Deb M. (Buffalo, NY USA)
I couldn't put it down. I was totally absorbed into the lives of the characters and the swiftly moving story. Mr. Goldsmith has a knack for pulling you into a time and place, and making it vividly real. My only caveat: Don't start reading when you have to have to pick up the kids or get dinner on the table. Someone will get left stranded or hungry!
silverside, A reviewer
Novels, Novels, Novels! Bookviews by Alan Caruba, September 2007
My love of history was part of why I enjoyed Jade Phoenix by Syd Goldsmith ($19.95, iUniverse, available from Amazon.com and other outlets). The author has lived a most remarkable life, part of which during the 1970s included being a diplomat in South America and Greater China. At one point, during Mao’s Cultural Revolution, he had to convince rampaging Red Guards that he was not an American spy. He would later serve as the unofficial U.S. Consul General in Kaohsiung, Taiwan. The decision, during the Nixon administration, to seek better relations with Red China had profound affects on the breakaway island nation of Taiwan that was also experiencing turmoil as it moved from martial law dictatorship to becoming the first ever Chinese democracy. Out of this experience Goldsmith has fashioned a terrific story in which a friendship between a young American reporter, Nick Malter, and his best friend, Taiwanese millionaire Ko-sa Ong, is put to the test because both love the beautiful girl, Jade Phoenix. Both, too, must cope when America’s President and Secretary of State reject formal recognition of Taiwan as an independent nation in order to favor Red China. The novel takes one back to those tumultuous days as experienced by three compelling characters from very different cultures.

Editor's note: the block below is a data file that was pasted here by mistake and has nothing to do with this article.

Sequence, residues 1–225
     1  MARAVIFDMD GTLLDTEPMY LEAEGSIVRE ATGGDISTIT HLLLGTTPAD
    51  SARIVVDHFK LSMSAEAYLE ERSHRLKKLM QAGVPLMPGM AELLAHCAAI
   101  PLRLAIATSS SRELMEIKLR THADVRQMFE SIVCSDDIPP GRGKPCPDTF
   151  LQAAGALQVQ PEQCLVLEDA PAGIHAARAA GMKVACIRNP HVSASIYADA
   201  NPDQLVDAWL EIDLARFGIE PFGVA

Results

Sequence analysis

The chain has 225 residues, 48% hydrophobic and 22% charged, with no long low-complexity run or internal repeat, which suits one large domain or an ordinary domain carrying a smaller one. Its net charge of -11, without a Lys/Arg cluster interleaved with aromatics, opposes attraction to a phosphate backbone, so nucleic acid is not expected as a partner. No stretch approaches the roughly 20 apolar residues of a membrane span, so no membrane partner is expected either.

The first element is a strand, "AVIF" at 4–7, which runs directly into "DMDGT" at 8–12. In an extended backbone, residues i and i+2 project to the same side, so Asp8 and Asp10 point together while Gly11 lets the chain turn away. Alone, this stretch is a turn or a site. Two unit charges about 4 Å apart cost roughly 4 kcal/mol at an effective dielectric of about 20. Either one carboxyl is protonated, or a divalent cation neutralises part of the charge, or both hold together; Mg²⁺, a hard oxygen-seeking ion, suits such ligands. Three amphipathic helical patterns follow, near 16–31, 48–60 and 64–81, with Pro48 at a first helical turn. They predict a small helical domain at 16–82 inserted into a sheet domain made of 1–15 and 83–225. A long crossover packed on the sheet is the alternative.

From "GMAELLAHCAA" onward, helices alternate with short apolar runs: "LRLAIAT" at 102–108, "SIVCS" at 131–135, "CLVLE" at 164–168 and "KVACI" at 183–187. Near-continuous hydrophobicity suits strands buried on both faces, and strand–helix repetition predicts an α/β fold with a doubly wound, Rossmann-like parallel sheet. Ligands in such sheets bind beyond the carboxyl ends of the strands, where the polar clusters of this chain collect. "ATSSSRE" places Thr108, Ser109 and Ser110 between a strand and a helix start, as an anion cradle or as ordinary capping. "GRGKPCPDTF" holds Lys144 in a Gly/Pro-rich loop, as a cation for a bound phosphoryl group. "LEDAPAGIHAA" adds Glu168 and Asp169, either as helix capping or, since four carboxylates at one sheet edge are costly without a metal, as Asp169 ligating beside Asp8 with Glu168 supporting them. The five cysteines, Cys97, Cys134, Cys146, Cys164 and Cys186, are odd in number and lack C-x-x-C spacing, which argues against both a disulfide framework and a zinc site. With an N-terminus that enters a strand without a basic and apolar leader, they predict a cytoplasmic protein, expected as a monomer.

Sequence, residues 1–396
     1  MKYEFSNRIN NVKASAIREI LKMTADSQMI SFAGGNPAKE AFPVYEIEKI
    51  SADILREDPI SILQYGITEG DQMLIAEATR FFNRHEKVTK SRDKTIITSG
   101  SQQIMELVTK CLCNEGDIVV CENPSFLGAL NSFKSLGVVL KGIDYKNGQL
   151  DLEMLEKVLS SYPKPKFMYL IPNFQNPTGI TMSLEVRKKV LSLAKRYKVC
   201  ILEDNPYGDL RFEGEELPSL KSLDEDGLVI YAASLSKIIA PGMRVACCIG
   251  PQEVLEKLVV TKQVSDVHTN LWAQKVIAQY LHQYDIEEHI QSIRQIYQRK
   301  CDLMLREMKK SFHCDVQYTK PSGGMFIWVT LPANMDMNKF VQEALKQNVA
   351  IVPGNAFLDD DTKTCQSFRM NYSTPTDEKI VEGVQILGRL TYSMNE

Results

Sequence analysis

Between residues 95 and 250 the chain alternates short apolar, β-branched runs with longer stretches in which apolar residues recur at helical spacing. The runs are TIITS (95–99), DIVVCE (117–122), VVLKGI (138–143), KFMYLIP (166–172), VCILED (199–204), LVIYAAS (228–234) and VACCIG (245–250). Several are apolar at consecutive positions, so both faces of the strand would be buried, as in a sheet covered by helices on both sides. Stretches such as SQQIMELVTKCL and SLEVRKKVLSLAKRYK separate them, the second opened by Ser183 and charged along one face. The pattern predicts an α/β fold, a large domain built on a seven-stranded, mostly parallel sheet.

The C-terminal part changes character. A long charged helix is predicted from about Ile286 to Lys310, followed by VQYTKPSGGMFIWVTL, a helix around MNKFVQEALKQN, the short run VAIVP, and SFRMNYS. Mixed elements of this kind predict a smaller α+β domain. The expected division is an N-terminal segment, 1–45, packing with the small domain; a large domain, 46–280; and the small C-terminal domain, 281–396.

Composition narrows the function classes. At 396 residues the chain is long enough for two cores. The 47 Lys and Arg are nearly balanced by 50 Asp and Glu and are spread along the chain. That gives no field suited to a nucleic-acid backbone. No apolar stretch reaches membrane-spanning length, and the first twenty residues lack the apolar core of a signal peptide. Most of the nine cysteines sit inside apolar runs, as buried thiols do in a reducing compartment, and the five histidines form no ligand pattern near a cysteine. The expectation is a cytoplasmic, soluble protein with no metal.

Diplomat and New Voices in Literature Award finalist Syd Goldsmith presents Jade Phoenix, a novel set in America and Taiwan during the turbulent 1970s. Taiwanese millionaire Ko-sa Ong and his best friend Nick Malter have a long history together, cemented by their mutual hatred of Chiang Kai-shek and the American Secretary of State who steadfastly denies to recognize Taiwan as a country. Yet their bond for each other becomes brittle in the presence of the beautiful woman Jade Phoenix. A passionate novel of culture in turmoil, loyalties put to the test, and love so strong it transcends the limits of life itself, Jade Phoenix entrances and compels the reader up to the final page.